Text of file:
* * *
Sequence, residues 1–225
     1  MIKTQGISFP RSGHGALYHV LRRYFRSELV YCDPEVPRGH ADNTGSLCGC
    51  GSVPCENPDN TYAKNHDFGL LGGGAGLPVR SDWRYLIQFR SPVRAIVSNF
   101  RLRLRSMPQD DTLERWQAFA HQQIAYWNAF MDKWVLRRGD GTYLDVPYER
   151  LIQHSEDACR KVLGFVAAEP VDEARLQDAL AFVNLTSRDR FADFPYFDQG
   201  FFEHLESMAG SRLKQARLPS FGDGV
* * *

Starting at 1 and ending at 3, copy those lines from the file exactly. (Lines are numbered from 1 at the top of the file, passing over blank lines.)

Sequence, residues 1–225
     1  MIKTQGISFP RSGHGALYHV LRRYFRSELV YCDPEVPRGH ADNTGSLCGC
    51  GSVPCENPDN TYAKNHDFGL LGGGAGLPVR SDWRYLIQFR SPVRAIVSNF